Breaking the Story

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Photo: Joan Marcus Review
As Thomas Wolfe wondered, can you ever go home again? Even when you change your physical surroundings? It’s the major dilemma surrounding Marina Reyes (played by the stalwart Maggie Siff), a longtime war correspondent who has survived her latest brush with death, in Alexis Scheer’s complex – and sometimes overly complicated – “Breaking the Story,” now premiering at Second Stage’s Tony Kiser Theater under the hard-working direction of Jo Bonney.

Indeed, being sure of when or we are in this play can be tricky, likely on purpose, as the Playbill tells us the play’s setting is “right now, in the near future, or maybe it already happened.” The evocative projections (by Elaine J. McCarthy) and sound design (by Darron L. West) are often our best clues, but even they don’t explain every situation.

Moreover, the decision to make this play an 80-minute one-act works against it, as one often feels crucial bits of dialogue and character backstory have been left on the proverbial cutting room floor. Still, what’s left for us to take in can often be shattering, hilarious and provocative (and yes, confusing.)

The work basically takes place in the garden of Marina’s recently purchased Wellesley mansion (the simple set is by Myung Hee Cho), a seemingly impulsive purchase that feels designed by Marina to force her to settle down and “retire.” And why wouldn’t she? Marina frequently experiences what seems to be flashbacks to her terrifying wartime experiences, many alongside her cameraman Bear (an appealing Louis Ozawa), who has become her full-time lover and – in another impulsive move – soon-to-be-husband.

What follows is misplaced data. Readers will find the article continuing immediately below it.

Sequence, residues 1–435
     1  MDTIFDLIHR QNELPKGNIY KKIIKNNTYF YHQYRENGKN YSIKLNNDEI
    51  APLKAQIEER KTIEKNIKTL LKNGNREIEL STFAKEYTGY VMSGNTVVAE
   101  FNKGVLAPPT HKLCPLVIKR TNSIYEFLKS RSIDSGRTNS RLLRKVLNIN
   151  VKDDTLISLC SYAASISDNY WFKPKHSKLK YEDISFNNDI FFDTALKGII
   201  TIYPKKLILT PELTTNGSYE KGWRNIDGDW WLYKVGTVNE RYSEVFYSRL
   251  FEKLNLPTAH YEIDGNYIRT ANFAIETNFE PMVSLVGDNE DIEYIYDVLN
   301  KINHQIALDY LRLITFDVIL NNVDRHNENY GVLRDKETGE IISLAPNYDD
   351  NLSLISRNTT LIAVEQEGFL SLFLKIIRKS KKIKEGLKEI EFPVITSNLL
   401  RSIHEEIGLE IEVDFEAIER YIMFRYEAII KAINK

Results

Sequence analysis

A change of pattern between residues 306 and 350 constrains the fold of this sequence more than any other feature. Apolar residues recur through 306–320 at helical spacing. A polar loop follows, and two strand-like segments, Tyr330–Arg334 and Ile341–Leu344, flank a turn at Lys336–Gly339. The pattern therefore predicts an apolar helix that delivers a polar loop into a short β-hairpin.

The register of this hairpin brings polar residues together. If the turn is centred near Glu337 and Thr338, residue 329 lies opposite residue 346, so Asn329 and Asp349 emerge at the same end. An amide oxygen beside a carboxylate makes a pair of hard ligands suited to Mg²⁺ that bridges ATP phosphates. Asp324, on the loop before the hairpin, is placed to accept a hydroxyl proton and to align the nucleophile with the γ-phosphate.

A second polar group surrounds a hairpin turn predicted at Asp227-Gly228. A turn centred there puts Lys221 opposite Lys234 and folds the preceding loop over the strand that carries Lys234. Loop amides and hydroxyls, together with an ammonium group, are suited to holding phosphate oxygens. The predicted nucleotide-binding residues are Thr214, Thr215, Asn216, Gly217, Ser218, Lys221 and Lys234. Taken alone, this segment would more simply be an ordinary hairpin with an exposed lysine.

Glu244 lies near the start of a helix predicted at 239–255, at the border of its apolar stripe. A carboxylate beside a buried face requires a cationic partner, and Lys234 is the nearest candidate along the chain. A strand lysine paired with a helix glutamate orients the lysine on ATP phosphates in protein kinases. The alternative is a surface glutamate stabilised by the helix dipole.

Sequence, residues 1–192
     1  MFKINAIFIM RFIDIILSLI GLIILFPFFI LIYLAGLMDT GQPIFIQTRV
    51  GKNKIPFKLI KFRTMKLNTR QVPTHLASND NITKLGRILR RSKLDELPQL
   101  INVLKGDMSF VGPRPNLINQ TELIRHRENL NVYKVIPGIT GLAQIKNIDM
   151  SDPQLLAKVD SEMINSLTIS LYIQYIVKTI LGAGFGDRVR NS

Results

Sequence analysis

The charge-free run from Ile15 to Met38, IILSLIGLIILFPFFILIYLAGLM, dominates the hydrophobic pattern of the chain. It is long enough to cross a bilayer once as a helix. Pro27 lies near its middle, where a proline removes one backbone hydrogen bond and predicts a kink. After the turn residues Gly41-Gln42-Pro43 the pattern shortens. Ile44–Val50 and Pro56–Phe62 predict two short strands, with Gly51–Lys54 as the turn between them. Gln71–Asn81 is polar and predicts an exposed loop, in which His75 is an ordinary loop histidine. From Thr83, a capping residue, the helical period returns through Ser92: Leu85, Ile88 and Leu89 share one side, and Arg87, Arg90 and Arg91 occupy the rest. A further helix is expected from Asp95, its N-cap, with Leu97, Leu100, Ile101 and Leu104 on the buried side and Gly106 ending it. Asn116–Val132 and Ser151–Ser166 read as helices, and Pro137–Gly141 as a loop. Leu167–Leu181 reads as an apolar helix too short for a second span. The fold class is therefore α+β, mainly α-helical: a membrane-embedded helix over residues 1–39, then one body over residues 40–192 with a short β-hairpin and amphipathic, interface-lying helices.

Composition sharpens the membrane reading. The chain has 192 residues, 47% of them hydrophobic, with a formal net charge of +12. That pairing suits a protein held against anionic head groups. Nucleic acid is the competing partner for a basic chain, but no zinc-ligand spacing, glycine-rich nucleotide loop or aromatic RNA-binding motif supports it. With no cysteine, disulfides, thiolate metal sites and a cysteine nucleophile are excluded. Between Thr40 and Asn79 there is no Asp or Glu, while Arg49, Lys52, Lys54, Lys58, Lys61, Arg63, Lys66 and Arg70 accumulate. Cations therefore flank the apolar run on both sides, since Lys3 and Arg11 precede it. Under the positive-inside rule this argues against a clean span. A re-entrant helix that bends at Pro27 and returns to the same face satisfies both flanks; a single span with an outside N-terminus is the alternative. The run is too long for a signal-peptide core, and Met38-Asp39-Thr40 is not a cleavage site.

Yes, the plot’s cleverest twist is having her nearest and dearest gathered in Wellesley to watch her receive a Distinguished Achievement Award, Marina decides to add on an impromptu wedding to her weekend, another way we presume she figures will keep her “grounded.”

Bear seems willing enough to go along for the ride; far happier about the nuptials is Marina’s unlikely best friend Sonia (a brilliant Geneva Carr), a wealthy Republican socialite with an endless list of contacts and a flair for party-planning. Sonia has also been playing surrogate mother to Marina’s teenage daughter Cruz (an excellent Gabrielle Policano), who seems to vacillate between attending college and becoming a touring musician, as well as hating her mother and loving her. (Their relationship could honestly use a bit more depth.)

Also on hand are Marina’s colorful mother, Gummy (another priceless portrayal by Julie Halston), a transplanted Floridian with a fondness for men and Dunkin’ Donuts; Marina’s protégé and frenemy, a popular podcaster named Nikki (Tala Ashe, struggling with an underwritten role) who wants to “expose” every aspect of Marina’s past, and eventually her ex-husband Fed (a fine Matthew Saldivar), a national TV broadcaster who is still carrying a torch for Marina.

Scheer’s characters are flawed yet engaging, which keeps our interest as much as the question whether the award ceremony or wedding will actually take place – never mind what will happen in their aftermath. Indeed, which “story” Scheer most wants to tell – or actually does tell – remains up for discussion.

By Brian Scott Lipton

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Open/Close Dates
Opening 6/4/2024
Closing 6/23/2024

Theatre Info
Tony Kiser Theatre
305 West 43rd Street
Neighborhood: West 40s
New York, NY 10036